SAM: It’s a tricky balancing act. But yeah, some point you’ve gone beyond what you should be doing in one function and it should be broken down. A lot of Discourse has been Jeff driving, “We need these features. We need these features. We need these features.” And a lot of times, when you’re dealing with pipeline stuff or topic stuff, the natural thing to do is just to look at where this bit of the pipeline is and just introduce some new functionality in there. A lot of times, you just omit creating a function, which you probably should have. So it’s good that Code Climate is there keeping us a little bit more honest. It’s definitely helping a lot break this down and get it to something better.
ROBIN: There’s definitely parts of the code that I’m not happy with, but it’s a pretty big codebase. The worst thing you can do is assume that we want it to be that way or that we’re proud of it or something like that. No. We’re totally happy to have requests any time to improve that. No, we know that it needs to be fixed and worked on.
DAVID: Well, let me put a positive spin on that and actually put words in your mouth. This is why I find your report card so interesting. Tell me some feature or some tradeoff that you have made that you’re happy with. I’m not going to ask you to say you’re happy that you’ve got an F or that you’ve got a D on a file, but is there something that you had a choice between polishing this rivet from a B to an A or from a D to a C but instead you were able to use that time to ship something else? Is there an example of that that you’ve found as you’ve developed?
SAM: Well, that’s daily. We’ve got a whole bunch of those [inaudible]
SAM: If all we were doing right was working from F to A, then that’s all we’d be doing. I’d imagine that there’s months of work to take this, to A everything. It’s every day we’re making that decision that we have to build new things. We refactor as we can. We improve as we can. I guess the goal is whenever you go into a bit of code, try to leave it a little bit better than when you got in there. I think that’s a great strategy to take as a developer. We’re constantly learning, which is awesome. There are some things that I find pretty much unfixable. For example, we have a little DSL that we defined for site setting so each site can have a bunch of settings that it has. There’s a DSL there. The DSL is just not, Code Climate doesn’t like the DSL. But the DSL is perfectly readable when you look at the file and say, “This makes sense. There’s nothing really that I’d like to change here.”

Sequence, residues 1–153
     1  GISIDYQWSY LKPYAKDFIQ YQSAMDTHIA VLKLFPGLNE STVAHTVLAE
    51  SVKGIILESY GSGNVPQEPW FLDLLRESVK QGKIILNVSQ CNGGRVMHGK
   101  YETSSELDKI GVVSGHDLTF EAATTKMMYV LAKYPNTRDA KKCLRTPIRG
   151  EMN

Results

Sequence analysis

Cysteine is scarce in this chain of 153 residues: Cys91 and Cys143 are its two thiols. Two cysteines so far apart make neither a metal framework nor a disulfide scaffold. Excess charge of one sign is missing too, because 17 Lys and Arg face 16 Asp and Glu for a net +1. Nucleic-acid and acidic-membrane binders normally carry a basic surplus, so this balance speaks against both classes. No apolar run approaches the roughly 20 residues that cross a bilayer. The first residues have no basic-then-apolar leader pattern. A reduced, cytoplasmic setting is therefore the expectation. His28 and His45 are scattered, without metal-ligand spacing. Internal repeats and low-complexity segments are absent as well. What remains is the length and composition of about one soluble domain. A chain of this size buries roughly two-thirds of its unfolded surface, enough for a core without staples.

JAMES: Sam, I want to push back on that a little bit. You told me that in the pre-call so I’ve been staring at that file for a while. To me, that feels like stuff that could be in some kind of configuration file or something like that. Do you not think?
SAM: Yeah. But the configuration file can be a .rb file, right? There’s nothing really stopping that. Like why should it have to —
JAMES: Yeah, sure. I think it could. But since it’s just key-value or something like that, I think there are maybe even better choices. I think.
DAVID: You know if we move it to YAML, Code Climate won’t grade it.
DAVID: The solution is, hide the evidence.
JAMES: In a way, though I think that’s right. Anyway, it’s a great challenge for the listeners. Go take a look. I’ll put a link in the show notes to this. The model is SiteSetting and go take a look at it. See if somebody out there has a great idea of cleaning it up. I think there are maybe some untapped options there. While we can joke that it’s hiding it in YAML, I would say it’s maybe moving configuration data out of the code, which is actually a viable thing to do, I think.
SAM: It can live in the config directory as opposed to living in your models, which is fair enough.
ROBIN: I think I would be happy to accept a pull request like that, assuming it worked properly.
SAM: Yeah, assuming all the functionality remains. As long as they don’t tie us in a corner where we can’t do things because of that.
ROBIN: It’s amazing, I think, how little we’re actually sold on that we’d be, “No, we wouldn’t change.” Most of the time, if something’s an improvement, we’re happy to take it in.
JAMES: Yeah, I was trying to get you guys to fight to the death. I’m really disappointed with how quickly you [inaudible].
DAVID: No. Yeah.
ROBIN: Look, I know some parts are bad. It’s just room for improvement. We do our best. Like Sam said, I don’t think it’s usually a conscious thing like, “Oh my god, I have to get this feature out. There’s no time to polish it.” It’s like these things add up over time and there are many reasons why you might create some code that is not ideal. If you just spend all day polishing it, you wouldn’t ship anything.
DAVID: As junior developers coming in who want to get into open source, this is a great place. Code Climate will tell them. I don’t mean to be just pimping Code Climate. Wait, isn’t Code Climate one of our sponsors?
DAVID: I’m totally pimping…
DAVID: You guys need to be using it. It’s fantastic. But no, the point is that this is a great place for junior developers to come in and it’s like a jump in here tag. Here is where you can start. Please help us fix this. Do you guys, as the senior devs and the guys who know all this stuff, do you ever sit back and go, you know I just need some Zen personal time? I’m just going to pull up Code Climate and make something better.